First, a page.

8. 8. What does it mean to be Homeless? (continued) <ul><li>The word homeless is also used to describe individuals who are at risk of losing housing through eviction or institutional discharge. </li></ul><ul><li>Broadly speaking, homelessness is a heightened version of residential instability. </li></ul>
  9. 9. What does it mean to be Homeless? (continued) <ul><li>Recent cases of homelessness have been on the rise primarily due to the economic recession. </li></ul><ul><li>Foreclosures are now </li></ul><ul><li>a contributing factor </li></ul><ul><li>towards homelessness. </li></ul><ul><li>The sub-prime </li></ul><ul><li>mortgage lending crisis </li></ul><ul><li>has Created a wave of </li></ul><ul><li>foreclosures and evictions </li></ul><ul><li>in the United States. </li></ul>
  10. 10. Homelessness in America <ul><li>Though the increase in homelessness within the past several years have much to do with the economic crash, the individuals who have suffered from this unfortunate circumstance have a higher chance of breaking out of homelessness than the previously mentioned population: the mentally ill and substance abusers. </li></ul>
  11. 11. The Mentally Ill & Drug Abusers <ul><li>For the large population of homeless who are mentally ill and/or drug abusers, it is a vicious cycle not only leading up to homelessness but the struggle to get out of it as well. </li></ul><ul><li>It is difficult for the homeless who have mental conditions and substance abuse problems to end homelessness for a number of reasons… </li></ul>
  12. 12. A vicious cycle <ul><li>For those who became homeless due to mental illness or alcohol and drug abuse, they already lacked the ability to sustain stability in their everyday lives which led to ‘losing everything’. The inability to continue going to work, school, paying bills, and sustaining relationships among other things are all a result of some forms of mental illness (without any treatment) as well as substance abuse (sometimes a combination of both). </li></ul><ul><li>A tragic history, particularly of forms of abuse and neglect, often lead individuals to drugs which can enflame mental illnesses or altogether bring them about. This can then lead to loss of relationships, employment, possessions…and the arrival into homelessness. </li></ul><ul><li>Once homeless, individuals with such conditions are unable to escape the firm grasp of homelessness. </li></ul>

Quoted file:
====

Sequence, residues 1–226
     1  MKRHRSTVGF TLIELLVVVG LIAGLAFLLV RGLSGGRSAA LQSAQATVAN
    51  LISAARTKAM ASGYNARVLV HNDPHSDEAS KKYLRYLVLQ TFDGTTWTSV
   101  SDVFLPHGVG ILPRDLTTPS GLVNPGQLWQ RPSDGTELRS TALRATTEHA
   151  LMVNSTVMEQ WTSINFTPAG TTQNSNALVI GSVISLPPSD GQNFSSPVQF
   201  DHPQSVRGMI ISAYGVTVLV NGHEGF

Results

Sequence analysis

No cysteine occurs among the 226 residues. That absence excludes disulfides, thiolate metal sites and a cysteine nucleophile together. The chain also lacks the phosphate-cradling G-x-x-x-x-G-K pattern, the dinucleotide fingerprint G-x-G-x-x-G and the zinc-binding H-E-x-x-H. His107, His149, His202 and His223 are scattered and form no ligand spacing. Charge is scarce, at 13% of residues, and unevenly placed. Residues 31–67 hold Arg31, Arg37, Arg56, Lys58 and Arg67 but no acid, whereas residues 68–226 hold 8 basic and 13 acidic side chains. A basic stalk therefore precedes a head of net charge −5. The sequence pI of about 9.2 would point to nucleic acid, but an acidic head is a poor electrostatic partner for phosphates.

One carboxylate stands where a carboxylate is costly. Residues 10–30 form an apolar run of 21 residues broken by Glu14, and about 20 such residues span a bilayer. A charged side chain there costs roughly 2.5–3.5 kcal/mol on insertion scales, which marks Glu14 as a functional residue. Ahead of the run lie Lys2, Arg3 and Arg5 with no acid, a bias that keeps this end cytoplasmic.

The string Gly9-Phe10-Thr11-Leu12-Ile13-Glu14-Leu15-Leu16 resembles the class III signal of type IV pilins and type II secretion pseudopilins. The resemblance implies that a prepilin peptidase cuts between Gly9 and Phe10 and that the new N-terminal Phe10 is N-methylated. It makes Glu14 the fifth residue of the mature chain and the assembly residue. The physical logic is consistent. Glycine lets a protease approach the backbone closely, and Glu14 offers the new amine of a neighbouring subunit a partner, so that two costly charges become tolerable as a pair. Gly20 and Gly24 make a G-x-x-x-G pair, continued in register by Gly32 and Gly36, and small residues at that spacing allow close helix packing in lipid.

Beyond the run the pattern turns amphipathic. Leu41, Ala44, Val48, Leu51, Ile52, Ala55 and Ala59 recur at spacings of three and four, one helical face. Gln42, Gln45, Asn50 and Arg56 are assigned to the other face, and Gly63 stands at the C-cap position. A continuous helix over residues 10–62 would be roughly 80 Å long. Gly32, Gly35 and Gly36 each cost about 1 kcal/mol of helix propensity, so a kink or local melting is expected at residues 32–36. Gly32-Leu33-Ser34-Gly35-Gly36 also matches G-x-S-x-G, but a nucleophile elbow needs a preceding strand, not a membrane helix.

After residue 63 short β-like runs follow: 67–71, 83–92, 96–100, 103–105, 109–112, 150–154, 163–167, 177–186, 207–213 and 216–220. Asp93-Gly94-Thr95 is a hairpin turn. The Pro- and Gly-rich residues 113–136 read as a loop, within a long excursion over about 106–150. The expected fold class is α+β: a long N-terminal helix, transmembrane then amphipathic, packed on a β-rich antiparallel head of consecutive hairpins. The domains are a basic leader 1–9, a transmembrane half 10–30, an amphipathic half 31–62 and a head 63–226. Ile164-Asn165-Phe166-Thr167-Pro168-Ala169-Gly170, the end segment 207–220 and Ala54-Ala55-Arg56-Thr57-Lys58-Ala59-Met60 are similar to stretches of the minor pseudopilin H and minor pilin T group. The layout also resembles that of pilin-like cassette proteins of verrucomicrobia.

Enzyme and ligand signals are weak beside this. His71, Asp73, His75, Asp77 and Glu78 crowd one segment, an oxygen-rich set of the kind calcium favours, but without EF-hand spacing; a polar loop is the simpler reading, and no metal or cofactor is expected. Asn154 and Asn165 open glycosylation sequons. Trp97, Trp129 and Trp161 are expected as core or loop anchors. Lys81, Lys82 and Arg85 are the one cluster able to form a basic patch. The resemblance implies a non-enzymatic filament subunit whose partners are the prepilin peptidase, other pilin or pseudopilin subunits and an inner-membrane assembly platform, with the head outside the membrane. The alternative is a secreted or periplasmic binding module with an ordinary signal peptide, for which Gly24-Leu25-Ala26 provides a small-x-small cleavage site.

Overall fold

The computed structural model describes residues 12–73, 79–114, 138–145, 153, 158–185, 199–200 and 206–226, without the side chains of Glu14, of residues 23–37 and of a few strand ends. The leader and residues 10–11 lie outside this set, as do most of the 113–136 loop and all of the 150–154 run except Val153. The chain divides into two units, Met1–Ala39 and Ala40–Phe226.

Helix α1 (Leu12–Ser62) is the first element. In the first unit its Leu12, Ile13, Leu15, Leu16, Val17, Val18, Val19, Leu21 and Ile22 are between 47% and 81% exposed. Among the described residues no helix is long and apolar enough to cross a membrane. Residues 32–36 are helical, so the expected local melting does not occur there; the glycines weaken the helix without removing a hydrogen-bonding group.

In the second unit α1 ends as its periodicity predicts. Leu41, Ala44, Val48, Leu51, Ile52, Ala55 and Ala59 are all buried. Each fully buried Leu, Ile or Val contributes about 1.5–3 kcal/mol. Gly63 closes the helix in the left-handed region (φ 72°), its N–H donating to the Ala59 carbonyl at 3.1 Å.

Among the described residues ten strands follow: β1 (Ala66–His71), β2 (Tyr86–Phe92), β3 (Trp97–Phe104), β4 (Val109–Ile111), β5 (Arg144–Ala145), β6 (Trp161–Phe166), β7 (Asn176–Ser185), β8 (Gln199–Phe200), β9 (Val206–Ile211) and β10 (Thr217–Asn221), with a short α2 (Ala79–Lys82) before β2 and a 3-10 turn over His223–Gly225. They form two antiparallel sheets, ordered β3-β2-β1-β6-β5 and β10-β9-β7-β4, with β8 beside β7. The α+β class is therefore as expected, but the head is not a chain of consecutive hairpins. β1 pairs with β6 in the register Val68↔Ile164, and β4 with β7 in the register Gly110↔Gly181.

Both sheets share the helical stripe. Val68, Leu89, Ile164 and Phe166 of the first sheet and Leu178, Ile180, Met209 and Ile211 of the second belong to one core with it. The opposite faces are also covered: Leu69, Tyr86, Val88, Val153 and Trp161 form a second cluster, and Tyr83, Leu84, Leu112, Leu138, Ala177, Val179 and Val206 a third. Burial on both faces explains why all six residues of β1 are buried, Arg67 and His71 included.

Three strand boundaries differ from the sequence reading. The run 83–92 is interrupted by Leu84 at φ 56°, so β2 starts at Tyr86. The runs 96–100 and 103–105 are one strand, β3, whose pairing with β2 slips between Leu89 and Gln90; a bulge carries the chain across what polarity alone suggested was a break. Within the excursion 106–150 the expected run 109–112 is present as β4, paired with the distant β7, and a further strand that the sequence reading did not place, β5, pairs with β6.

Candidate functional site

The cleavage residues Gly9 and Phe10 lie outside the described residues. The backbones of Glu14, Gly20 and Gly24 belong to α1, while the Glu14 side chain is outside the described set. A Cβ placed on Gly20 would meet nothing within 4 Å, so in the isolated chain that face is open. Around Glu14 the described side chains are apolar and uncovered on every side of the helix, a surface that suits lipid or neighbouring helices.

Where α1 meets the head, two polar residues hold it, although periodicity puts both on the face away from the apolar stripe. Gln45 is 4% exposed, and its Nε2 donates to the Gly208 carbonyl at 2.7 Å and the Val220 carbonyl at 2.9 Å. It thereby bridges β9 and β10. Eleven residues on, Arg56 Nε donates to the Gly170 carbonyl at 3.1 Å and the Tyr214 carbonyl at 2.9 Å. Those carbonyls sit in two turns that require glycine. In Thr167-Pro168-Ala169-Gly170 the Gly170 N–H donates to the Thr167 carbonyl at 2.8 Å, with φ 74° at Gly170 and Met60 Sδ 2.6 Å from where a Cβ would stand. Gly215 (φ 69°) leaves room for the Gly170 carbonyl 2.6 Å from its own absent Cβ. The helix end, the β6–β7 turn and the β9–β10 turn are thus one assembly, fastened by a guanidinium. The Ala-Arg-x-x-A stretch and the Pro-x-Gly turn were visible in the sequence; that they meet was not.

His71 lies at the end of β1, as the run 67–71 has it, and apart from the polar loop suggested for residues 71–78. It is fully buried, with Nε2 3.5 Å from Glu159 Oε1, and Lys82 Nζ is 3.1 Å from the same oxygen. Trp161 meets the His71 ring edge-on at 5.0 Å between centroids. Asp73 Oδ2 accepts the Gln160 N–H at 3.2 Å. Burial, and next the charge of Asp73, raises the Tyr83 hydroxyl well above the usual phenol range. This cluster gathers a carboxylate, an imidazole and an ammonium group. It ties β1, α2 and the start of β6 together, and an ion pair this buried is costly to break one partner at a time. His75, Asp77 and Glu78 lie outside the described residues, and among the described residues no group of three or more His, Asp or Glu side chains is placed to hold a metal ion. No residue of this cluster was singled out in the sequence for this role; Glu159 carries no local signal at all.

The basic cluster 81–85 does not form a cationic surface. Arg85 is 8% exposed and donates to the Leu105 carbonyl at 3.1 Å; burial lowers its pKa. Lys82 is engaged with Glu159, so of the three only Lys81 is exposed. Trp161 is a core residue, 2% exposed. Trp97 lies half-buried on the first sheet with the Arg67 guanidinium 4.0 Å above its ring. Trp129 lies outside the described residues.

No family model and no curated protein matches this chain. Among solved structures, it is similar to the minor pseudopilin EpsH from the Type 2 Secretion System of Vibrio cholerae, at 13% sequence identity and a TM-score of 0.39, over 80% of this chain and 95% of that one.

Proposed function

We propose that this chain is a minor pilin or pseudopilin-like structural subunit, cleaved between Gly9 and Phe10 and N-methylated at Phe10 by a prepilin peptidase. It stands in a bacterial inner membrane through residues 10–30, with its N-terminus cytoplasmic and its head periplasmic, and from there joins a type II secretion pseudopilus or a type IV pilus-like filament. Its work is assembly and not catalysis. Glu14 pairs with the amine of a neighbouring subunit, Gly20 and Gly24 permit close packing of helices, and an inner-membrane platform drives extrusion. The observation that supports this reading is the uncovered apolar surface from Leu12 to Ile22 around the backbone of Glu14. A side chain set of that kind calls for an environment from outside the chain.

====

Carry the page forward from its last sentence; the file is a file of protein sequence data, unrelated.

13. 13. Hope for the future <ul><li>The homeless have commonly been victims prior to homelessness and remain victims after the onset of homelessness. </li></ul><ul><li>In order to break the stereotypes of the homeless, we need to understand the complex nature of homelessness and its victims. </li></ul>
  14. 14. Hope for the future <ul><li>In order to begin making significant improvements towards ending homelessness, all individuals working within fields in contact with the homeless population must understand and consider in order to provide the most effective treatment- whether it be physical aid, social services, mental health, etc. </li></ul><ul><li>Understanding how to help the homeless and how to avoid homelessness can go one step further by decreasing the number of mentally ill individuals and drug abusers, as well as decreasing the number of violent crimes in the United States (which is yet another result of the combination of mental illness and drug abuse). </li></ul>
  15. 15. References <ul><li>Center for Disease Control and Prevention </li></ul><ul><li>National Center on Child Abuse and Prevention </li></ul><ul><li>National Institute on Drug Abuse </li></ul><ul><li>U.S. Department of Health and Human Services </li></ul><ul><li>U.S. Department of Housing and Urban Development </li></ul>